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Friday, January 09, 2015

A Comparative Kinetic Study of Acidic Hydrolysis of Wastes Cellulose from Agricultural Derived Biomass - Journal of Applied Sciences and Environmental Management, Vol. 15, No. 4

Agricultural waste has been an issue for farmers throughout the world, specifically, the conversion of said waste into useful resources to further development, both socially and economically. The Guardian's recent publication: "Rice waste makes 'green wood' to build low-cost homes in India", outlines this very issue. The article takes into account the negative externalities from the production of rice and how a young girl from India has - essentially - thought of a way to counter this problem. The 16 year-old girl from Delhi, decided after seeing the amount of waste that was produced from the production of rice: that she could search for a way to use the rice husks to contribute to the growth of her community, which allowed for her to create a positive, rather than a negative external cost of production and to a more sustainable community, overall.

Today's featured journal: "A Comparative Kinetic Study of Acidic Hydrolysis of Wastes Cellulose From Agricultural Derived Biomass" by Ajani et al., studies the use of bioconversion of agricultural waste in order to produce economically and environmentally sustainable chemicals and fuels that have a significant advantage over traditional fossil- based products.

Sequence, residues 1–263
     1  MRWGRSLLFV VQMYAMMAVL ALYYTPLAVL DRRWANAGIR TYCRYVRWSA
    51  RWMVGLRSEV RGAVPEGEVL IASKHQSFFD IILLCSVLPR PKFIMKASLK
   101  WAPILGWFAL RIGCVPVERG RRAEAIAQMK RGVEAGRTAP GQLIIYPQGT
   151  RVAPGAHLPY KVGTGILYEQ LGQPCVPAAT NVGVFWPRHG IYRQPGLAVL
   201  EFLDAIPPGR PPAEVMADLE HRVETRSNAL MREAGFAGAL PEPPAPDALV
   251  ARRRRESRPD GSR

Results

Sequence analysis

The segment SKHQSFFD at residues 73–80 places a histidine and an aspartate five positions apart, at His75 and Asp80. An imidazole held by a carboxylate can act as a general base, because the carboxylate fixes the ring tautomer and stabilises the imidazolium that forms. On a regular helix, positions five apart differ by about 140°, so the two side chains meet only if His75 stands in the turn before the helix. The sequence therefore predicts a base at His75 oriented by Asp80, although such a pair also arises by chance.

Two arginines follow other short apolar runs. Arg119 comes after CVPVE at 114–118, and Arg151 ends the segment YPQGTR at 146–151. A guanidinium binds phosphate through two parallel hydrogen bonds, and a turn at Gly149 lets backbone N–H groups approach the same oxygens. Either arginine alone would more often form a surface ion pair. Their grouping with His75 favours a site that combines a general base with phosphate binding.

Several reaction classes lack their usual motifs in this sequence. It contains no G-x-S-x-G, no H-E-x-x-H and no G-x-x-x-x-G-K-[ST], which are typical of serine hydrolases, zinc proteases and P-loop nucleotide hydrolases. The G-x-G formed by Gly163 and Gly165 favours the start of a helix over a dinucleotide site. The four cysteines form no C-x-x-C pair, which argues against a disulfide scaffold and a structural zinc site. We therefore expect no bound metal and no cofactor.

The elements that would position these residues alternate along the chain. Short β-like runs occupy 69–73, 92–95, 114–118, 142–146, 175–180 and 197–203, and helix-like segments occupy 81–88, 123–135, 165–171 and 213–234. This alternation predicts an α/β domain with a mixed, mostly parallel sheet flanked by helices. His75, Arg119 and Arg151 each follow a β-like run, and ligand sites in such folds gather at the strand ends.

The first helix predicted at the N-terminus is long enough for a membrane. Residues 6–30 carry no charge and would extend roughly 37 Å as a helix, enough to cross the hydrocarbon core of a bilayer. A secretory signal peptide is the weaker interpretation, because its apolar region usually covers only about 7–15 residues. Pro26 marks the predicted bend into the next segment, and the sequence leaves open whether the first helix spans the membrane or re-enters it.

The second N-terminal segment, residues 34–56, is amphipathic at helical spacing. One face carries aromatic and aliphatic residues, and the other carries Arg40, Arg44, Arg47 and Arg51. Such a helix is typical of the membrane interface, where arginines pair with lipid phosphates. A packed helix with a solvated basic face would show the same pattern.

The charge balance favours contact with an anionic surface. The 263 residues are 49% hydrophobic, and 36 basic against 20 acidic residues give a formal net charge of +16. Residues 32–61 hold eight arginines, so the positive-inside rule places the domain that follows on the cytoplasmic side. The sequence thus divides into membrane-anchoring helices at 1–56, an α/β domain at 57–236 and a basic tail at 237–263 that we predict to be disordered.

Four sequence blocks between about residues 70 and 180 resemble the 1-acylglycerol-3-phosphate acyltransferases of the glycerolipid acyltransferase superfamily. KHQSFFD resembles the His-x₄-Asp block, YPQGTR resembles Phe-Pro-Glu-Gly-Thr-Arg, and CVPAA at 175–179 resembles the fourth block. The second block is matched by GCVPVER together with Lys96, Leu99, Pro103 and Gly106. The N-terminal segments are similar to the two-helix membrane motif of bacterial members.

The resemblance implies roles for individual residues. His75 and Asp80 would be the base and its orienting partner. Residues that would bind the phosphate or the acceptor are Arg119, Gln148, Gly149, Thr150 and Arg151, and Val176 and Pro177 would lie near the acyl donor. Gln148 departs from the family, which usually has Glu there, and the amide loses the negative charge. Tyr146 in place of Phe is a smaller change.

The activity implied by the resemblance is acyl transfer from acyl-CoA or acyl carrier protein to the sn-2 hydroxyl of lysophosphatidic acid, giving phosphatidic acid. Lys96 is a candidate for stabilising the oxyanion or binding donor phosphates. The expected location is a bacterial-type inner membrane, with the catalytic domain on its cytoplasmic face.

For this study, the authors of this journal observed the kinetics of acid hydrolysis cellulose that was isolated from banana skin, cowpea shells, maize stalks and rice husks at temperatures ranging between 70 - 100°c in a stirred conical flask, which served as a batch reactor. The effects of acid concentration on cellulose hydrolysis were also taken into consideration while conducting this study. 

The results showed that the rate of hydrolysis by virtue of glucose yield, generally increased with increase in temperature and acid concentration for all four of the agricultural wastes used. The experimental data was fitted to integrated first-order rate kinetics, and the results obtained suggested a first-order rate of glucose formation for the four agricultural waste cellulose used.

The activation energy estimated while using a Arrhenius equation was 39.60 kJ/mole for banana skin cellulose. While the use of cowpea shells' cellulose revealed an estimated 38.83 KJ/mole and 34.29 KJ/mole for rice husk cellulose. Maize stock cellulose yielded the highest amount of energy at 44.37 KJ/mole. These values suggest the ease with which hydrolysis can occur between the four agricultural wastes' cellulose.  

For this journal and others from this issue, click here.

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